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“Opportunity is missed by most people because it’s dressed in overalls and looks like work.”

— Thomas A. Edison

Some people need many second chances in life. Ticaric, or “Bear” as he is known to friends and co-workers, needed only one.

Bear grew up in Nashville, where he was nicknamed “Sugar Bear” — after the Super Sugar Crisp mascot — by his grandmother. Like the cereal, Bear was sweet-natured. He was also intelligent, and he dreamed of becoming a professional athlete.

But then Bear got into trouble with the law. Serious trouble. Though it was his first offense, he was locked up for six long years.

“I made a conscious decision once I went to prison that I had to change my life,” he recalls. “I knew I had to change the way I thought about stuff. I realized that life isn’t about making the quick buck, and I appreciate it more if I work for it.”

By the time he got out, in January of 2009, Bear was 34. He had never had a real job, he had no car and he was living in a halfway house. He also had three children who needed his support. Over four months he applied for dozens of jobs, but Bear had been unable to convince any employer that he was a changed man, worthy of an opportunity.

He was frustrated and close to reverting to his old ways. But his mother and family pushed him to stay on the right path. Then, a resident of the halfway house told him about training and employment opportunities at Goodwill.

Bear visited a Goodwill Career Solutions center where he took job readiness classes and quickly landed a job interview. In June of 2009, he was hired to process donations at the Goodwill in Nashville’s Berry Hill community.

“Goodwill helped me out by taking a chance on me and giving me an opportunity that I didn’t get with anybody else, and I appreciate that,” Bear says.

For 18 months, Bear sorted clothing for Goodwill. During that time, he was also sorting out his life. He signed up for forklift classes offered by

Goodwill, and earned his certification. He was then promoted to forklift operator, and he was in that job for more than four years — loading and unloading trucks for Goodwill.

Bear earned a reputation with supervisors as a dependable team-player who was able to master new skills quickly. He found support from people like Salvage Supervisor Reggie Green, who gave him advice on topics ranging from work to parenting.

“I told him Goodwill was not only here to give him a job — we really wanted him to succeed in everything he does,” Green says.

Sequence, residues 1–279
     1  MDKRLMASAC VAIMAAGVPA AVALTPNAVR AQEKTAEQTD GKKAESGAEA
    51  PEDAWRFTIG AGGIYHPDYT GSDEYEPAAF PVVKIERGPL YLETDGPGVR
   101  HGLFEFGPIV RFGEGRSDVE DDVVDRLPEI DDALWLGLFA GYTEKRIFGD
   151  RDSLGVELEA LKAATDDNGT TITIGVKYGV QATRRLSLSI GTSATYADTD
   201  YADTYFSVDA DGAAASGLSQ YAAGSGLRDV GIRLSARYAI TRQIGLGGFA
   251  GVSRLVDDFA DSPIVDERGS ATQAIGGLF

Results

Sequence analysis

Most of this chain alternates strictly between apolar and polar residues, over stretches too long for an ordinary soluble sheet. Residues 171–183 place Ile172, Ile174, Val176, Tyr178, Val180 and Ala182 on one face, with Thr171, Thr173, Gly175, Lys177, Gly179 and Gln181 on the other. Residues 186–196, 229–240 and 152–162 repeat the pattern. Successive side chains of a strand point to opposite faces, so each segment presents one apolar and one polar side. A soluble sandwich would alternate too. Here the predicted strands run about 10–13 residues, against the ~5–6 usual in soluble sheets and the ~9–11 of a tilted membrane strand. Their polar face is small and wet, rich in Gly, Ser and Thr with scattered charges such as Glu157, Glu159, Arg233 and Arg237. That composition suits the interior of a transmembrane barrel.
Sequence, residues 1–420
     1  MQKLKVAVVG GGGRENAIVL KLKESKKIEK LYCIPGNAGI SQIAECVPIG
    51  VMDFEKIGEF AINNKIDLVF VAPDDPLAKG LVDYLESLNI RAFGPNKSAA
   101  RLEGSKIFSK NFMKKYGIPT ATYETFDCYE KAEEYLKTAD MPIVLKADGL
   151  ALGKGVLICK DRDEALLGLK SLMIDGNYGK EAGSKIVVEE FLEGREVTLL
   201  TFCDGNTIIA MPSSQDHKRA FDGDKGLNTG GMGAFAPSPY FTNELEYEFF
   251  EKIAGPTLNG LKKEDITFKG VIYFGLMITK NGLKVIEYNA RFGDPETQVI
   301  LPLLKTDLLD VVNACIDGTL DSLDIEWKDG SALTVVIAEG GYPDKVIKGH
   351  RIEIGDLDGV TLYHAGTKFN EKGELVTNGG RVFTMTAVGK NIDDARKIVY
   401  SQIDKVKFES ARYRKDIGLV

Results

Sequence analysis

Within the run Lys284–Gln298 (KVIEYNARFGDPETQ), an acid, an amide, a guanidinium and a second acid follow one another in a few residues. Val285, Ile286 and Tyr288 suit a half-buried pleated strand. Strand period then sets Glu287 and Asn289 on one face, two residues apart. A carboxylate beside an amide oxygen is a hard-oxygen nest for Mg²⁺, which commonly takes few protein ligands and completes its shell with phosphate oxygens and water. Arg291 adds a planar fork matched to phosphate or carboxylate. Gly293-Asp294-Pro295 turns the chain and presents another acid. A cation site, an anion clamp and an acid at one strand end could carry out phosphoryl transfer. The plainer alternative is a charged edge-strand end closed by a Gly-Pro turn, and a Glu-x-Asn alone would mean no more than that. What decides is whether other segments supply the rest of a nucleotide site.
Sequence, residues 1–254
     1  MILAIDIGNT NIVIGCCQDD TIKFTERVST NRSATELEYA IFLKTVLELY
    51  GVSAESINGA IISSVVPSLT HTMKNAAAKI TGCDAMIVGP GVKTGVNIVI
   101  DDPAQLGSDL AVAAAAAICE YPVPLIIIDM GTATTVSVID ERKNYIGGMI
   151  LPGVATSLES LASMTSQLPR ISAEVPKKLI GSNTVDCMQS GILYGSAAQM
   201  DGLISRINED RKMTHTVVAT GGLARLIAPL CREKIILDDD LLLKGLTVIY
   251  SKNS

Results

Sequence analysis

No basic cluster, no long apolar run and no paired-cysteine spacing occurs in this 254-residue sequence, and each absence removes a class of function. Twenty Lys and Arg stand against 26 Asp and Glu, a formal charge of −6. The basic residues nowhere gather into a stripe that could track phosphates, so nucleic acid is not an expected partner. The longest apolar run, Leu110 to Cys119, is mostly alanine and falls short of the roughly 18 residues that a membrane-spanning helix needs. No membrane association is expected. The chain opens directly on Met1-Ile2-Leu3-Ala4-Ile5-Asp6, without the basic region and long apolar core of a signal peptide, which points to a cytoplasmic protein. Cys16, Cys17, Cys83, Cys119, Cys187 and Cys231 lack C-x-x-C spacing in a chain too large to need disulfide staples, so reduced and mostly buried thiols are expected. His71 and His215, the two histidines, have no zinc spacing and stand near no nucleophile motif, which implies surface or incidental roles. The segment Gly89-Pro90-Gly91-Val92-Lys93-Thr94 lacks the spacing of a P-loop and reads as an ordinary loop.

Bear had already come a long way, but he was not willing to rest on his laurels.

“After so long working around trucks, it crossed my mind to want to know how to drive the big rigs,” he said.

Bear began studying on his own time to try to get an “F” endorsement on his driver license. After earning that endorsement, he was transferred to Goodwill’s transportation department and he began driving box trucks full of goods from Goodwill’s Donation Express Centers to its stores.

He continued studying on his own and in January of 2017 took a test seeking his full commercial drivers’ license. He failed the test and initially got discouraged. But having tasted life as a professional driver, Bear knew it was what he wanted. He eventually decided to attend truck driving school. He earned his CDL license in October of 2017 and now drives tractor-trailer rigs for Goodwill.

“I love the life I have now,” he explains. “I have more structure in my life since having a job, and it has helped me interact with different people. The money helps, too. I don’t have to worry about all the stuff I used to worry about.”

Bear now advises others to take advantage of the resources and training available at Goodwill.

“Goodwill will give almost anybody an opportunity — it’s just what you do with it,” he says. “I came from some hard stuff, and I’m completely different from what I used to be. If I can do it, anybody can do it.”


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— By Chris Fletcher
Prior to joining Goodwill as its PR & Communications Manager in 2014, Fletcher was a professional journalist for
more than 25 years working at media outlets in three states, including the Associated Press.